An Indian American small businessman, who was brutally attacked late night April 29 outside his Lakewood, Colorado, liquor store, remains hospitalized six weeks later, still unable to move.
Lakhwant Singh, 61, owner of Two Angels Liquor, was in the store that evening doing inventory. His son, Onkar Singh, told India-West that a white male, later identified as 37-year-old Eric Breemen of Denver, came into the store, cursing, shouting and throwing things to the ground, breaking them.
“My mother said she didn’t understand what was happening. She was worried about all the cleanup she would have to do,” said Onkar Singh.
Lakhwant Singh wears his religiously-mandated articles of faith, including a turban and beard. Onkar Singh said his mother, Manjit Kaur, told him that Breemen called her husband an “Arab.”
In a press release, the Sikh Coalition reported that Breemen, a white male, told Lakhwant Singh “go back to your country.”
Breemen then left the store and got into a black sedan. Lakhwant Singh followed him outside to get a picture of his license plate; Breemen accelerated his car towards Lakhwant Singh.
An affidavit released by the Jefferson County, Colorado, District Attorney’s office notes that “the victim attempted to get out of the way of the vehicle but was struck and was rolled over by both front and rear tires of the vehicle.”
Onkar Singh said his father suffered a spinal fracture, eight broken ribs, a broken pelvis, a broken arm and shoulder, and extensive nerve damage. He has since had multiple surgeries, but cannot move and speaks with difficulty.
Lakhwant Singh now needs full-time care and has been moved to a rehabilitation facility. Onkar Singh told India-West it will be at least a month before his father is able to return home.
The Singhs have lived in Colorado since 1998 and have owned the store since 2014. Onkar Singh said nothing like this has happened before. Manjit Kaur, who watched her husband being attacked, is still traumatized by the incident. A customer had called 911.
Breemen was intoxicated at the time of the incident, according to the affidavit. Police caught him two days later in a Safeway parking lot. He has been charged with first degree assault and is being held on a bond of $50,000, according to his record in the Jefferson County inmate locator. A prior charge of jumping bail means he cannot be released on bond.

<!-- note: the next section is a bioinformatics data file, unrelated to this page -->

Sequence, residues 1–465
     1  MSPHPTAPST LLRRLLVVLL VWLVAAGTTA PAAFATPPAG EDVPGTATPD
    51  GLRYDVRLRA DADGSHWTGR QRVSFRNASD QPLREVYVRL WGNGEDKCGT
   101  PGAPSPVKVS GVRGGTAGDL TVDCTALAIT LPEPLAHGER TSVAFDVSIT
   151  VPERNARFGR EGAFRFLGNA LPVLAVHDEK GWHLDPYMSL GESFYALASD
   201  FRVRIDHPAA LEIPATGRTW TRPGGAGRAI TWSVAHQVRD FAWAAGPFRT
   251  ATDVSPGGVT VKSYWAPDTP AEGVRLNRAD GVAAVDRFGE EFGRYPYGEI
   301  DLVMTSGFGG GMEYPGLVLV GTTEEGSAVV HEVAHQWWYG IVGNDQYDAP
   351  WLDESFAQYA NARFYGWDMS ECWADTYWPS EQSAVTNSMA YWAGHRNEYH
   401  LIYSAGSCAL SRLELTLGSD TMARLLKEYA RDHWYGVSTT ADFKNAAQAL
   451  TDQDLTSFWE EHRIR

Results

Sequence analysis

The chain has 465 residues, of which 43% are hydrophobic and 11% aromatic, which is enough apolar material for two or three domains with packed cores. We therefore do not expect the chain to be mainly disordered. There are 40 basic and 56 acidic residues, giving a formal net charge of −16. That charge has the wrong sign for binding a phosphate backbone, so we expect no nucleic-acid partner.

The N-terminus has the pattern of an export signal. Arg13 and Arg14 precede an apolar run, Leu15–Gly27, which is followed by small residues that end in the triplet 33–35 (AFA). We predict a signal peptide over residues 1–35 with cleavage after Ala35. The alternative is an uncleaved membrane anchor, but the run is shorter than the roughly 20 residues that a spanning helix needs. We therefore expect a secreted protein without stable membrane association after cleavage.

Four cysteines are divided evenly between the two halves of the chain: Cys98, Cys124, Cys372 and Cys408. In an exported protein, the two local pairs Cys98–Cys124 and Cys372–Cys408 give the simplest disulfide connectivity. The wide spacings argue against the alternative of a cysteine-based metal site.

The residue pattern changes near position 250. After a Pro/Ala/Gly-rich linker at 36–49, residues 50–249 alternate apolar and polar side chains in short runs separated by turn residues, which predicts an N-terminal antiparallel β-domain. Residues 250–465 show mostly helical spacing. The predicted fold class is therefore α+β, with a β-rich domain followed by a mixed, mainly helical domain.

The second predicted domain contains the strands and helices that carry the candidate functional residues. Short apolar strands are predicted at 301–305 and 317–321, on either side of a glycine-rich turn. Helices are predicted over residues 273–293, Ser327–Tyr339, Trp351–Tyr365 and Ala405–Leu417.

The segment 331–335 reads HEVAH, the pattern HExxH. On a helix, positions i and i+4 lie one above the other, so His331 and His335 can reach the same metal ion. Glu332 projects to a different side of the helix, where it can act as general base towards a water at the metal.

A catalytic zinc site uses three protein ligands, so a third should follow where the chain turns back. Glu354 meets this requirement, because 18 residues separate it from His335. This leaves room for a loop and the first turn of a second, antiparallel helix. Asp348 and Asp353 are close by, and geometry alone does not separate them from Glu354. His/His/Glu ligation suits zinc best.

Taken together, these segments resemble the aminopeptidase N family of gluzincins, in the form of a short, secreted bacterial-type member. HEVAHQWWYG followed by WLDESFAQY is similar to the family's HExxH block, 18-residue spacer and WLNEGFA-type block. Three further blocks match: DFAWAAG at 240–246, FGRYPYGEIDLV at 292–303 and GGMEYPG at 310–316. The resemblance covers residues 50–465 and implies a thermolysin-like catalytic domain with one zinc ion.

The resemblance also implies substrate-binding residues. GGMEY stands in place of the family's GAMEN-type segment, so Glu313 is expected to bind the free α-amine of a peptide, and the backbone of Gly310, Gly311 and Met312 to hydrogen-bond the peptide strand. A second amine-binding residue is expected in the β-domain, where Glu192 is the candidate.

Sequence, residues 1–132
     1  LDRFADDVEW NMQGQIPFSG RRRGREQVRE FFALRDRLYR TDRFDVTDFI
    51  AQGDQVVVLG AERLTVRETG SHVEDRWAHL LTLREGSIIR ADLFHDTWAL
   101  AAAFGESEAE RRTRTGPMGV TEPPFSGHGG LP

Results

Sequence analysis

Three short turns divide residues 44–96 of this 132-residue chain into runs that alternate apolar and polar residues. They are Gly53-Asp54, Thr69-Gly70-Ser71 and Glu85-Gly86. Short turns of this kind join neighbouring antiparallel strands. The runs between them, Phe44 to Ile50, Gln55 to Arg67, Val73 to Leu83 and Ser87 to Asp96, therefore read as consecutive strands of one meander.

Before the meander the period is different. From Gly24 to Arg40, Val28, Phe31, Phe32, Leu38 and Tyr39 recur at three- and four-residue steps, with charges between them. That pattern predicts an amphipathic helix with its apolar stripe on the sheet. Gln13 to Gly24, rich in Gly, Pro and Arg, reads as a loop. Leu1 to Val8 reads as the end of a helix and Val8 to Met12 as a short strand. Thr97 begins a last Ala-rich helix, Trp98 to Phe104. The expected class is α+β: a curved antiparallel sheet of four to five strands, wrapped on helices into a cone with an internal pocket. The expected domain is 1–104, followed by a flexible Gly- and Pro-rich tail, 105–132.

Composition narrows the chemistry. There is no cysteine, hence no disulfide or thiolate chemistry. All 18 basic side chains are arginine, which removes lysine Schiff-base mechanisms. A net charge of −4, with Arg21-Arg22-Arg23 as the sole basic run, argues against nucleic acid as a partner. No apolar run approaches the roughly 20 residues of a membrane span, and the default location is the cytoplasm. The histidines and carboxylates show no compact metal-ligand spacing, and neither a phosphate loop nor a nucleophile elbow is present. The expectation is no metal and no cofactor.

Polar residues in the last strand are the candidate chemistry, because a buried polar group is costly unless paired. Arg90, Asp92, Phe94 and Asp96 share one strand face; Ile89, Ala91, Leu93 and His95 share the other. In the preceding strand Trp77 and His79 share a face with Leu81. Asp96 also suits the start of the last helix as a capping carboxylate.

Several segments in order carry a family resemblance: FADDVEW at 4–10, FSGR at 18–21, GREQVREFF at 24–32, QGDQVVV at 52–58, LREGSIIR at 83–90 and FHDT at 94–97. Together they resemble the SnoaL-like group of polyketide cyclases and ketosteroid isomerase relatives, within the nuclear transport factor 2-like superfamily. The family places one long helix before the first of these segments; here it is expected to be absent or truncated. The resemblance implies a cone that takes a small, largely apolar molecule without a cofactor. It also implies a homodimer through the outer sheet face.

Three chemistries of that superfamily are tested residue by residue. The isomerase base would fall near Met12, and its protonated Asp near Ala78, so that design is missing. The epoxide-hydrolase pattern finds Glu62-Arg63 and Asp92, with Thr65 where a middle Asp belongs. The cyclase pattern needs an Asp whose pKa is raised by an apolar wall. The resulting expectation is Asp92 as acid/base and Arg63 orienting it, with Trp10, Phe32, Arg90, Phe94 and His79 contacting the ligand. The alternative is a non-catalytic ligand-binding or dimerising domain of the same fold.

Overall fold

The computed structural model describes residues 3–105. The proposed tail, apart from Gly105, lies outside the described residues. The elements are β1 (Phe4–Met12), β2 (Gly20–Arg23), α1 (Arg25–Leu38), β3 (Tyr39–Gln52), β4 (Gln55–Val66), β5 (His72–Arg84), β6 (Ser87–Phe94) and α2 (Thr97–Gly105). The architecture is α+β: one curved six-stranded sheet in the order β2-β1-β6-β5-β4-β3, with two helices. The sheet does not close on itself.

Breemen’s preliminary hearing date is scheduled for July 24. He told police upon his arrest that Singh had threatened him with a large rock.
The Sikh Coalition is advocating for hate crime charges to be added in the case against Breemen. In a June 1 letter to Jefferson County Assistant District Joseph Wasserman, Amrith Kaur Aakre, legal director of the Sikh Coalition, wrote: “There is little doubt that Defendant’s violent acts towards Mr. Singh and his wife are related to the fact that the Singhs have dark skin and are ethnically Indian, as well as the fact that Mr. Singh wears a turban and maintains a beard – all of which are attributable to his race, religion, ancestry and national origin, amongst other protected categories, pursuant to Colorado’s bias motivated crimes statue.”
Aakre noted that Breemen referred to Singh as “some Arab guy.”
“This is especially cold and callous now, during the COVID-19 pandemic, when Mr. Singh is not allowed to have visitors and spent the last month in the hospital recovering entirely alone and without comfort due to hospital safety standards and policies, and will continue to recover alone in his rehabilitation center,” said Aakre in her letter.
Running people over with a car “has become synonymous with terroristic and ideological attacks over recent years, especially as they promote nationalist or political movements,” wrote Aakre, acting that it was clear Breemen acted with racial animus.
“No one deserves to be targeted because of who they are, and I hope that sharing my story sheds further light on the hatred and bigotry faced by Sikhs and others across the country,” said Lakhwant Singh in a press statement released by the Sikh Coalition. “Colorado is my home, and I urge the authorities in charge of my attacker’s case to demonstrate, through action, that crimes rooted in hate will not be tolerated.”
Onkar Singh told India-West: “I don’t think punitive measures help. I want to help (Breemen) understand that he made a mistake.”
He noted that the suspect lives in his car; thus, restitution is unlikely to be possible.